Protect Your Children’s Inheritance With A Lifetime Asset Protection Trust

December 16, 2022

Lifetime Asset Protection Trust

While most parents want to leave their assets or a financial inheritance for their children, determining how to set things up or what may be the right decision for the family can be challenging. However, when a child receives a significant sum of money through an inheritance at one time without proper planning, many issues can come with it. One estate planning option that may be suitable is a Lifetime Asset Protection Trust (LAPT). If you would like to learn how to set up this trust to protect your child’s future inheritance, consider contacting an experienced estate planning attorney from the Johnson Law Group by calling (720) 463-4333 to schedule a consultation.

What You Need To Know About a Lifetime Asset Protection Trust

A Lifetime Asset Protection Trust, known simply as an LAPT, is a specific type of estate planning instrument created to protect a child’s inheritance from creditors and certain potential problems that can include debt, accidents, divorce, and illness. With this type of trust, instead of the estate going straight to the beneficiary, the trust will hold the assets and distribute those assets to the children. The assets will not be owned by the beneficiaries but, rather, by the trustee. A trustee, according to the Internal Revenue Service (IRS), is a person or entity that receives property or assets to hold them for the benefit of the beneficiary.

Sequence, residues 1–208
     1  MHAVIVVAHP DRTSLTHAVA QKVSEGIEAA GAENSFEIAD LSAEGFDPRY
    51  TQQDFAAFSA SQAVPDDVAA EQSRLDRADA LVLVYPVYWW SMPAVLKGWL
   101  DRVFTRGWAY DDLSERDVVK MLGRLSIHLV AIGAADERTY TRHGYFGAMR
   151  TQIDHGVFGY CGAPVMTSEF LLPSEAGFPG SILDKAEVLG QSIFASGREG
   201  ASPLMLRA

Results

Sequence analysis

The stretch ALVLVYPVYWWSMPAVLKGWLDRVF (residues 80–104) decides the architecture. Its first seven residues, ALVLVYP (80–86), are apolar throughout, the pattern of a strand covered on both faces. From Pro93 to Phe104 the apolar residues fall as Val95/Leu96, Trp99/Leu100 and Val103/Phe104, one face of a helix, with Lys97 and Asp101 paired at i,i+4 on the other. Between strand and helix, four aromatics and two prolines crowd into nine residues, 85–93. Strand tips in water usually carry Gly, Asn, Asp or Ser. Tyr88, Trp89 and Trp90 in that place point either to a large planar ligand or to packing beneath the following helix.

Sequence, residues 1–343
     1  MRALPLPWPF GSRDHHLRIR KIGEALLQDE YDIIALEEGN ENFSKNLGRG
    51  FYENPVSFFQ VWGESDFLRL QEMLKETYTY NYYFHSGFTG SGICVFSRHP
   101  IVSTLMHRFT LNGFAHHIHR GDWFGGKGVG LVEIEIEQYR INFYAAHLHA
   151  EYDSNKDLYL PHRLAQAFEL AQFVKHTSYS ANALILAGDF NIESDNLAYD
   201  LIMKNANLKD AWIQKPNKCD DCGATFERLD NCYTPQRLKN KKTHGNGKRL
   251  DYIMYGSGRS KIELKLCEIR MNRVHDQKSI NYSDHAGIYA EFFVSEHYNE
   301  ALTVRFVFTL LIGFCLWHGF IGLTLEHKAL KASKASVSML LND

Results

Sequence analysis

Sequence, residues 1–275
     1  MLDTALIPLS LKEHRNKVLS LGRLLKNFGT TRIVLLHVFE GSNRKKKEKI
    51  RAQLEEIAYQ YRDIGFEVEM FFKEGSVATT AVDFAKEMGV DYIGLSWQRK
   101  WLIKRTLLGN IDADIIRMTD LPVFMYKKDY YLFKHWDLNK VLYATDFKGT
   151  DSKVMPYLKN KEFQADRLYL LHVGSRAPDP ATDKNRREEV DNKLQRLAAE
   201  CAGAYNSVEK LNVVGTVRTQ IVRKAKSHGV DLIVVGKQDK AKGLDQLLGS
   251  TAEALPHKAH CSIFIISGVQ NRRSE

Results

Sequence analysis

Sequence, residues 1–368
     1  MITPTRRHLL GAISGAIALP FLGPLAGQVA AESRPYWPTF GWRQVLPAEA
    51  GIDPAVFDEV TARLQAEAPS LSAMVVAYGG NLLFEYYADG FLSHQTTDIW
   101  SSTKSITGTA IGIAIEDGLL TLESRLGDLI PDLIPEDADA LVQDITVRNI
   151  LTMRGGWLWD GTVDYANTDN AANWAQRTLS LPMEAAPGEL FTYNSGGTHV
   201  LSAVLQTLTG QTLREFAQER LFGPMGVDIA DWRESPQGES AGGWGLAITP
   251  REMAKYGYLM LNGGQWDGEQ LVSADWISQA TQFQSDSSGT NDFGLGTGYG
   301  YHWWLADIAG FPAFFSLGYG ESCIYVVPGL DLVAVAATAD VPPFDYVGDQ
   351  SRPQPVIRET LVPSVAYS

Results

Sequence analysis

How Does a Lifetime Asset Protection Trust Work?

While there are numerous trusts that a person can use to protect his or her child’s inheritance, the LAPT is a useful tool to not only hold certain assets but also protect them from unintended future problems. These problems can include poor decisions, being taken advantage of by other, accidents, and other issues that can impact the child’s future judgment and his or her ability to use the assets properly. Through this type of trust, a parent can gift his or her child the intended inheritance, but the trustee will own the assets, not the children. As a result of not legally owning the assets, the children will be protected from losing those assets if issues arise.

The Advantages of a Lifetime Asset Protection Trust

The LAPT can be useful if a beneficiary has extensive debt or is dealing with other challenging situations, such as divorce. In fact, this trust offers numerous benefits that can help to protect a child’s inheritance well into the future, including the following:

  • Divorce protection
  • Creditor protection
  • Incapacitation protection
  • Leftover protection

Divorce Protection

When a person leaves his or her beneficiaries an inheritance through an LAPT, the beneficiary will have extra protection if he or she marries and later must go through a divorce. An LAPT maintains separate assets so that they will not be considered marital property to be divided between the spouses as part of the divorce proceedings.

Creditor Protection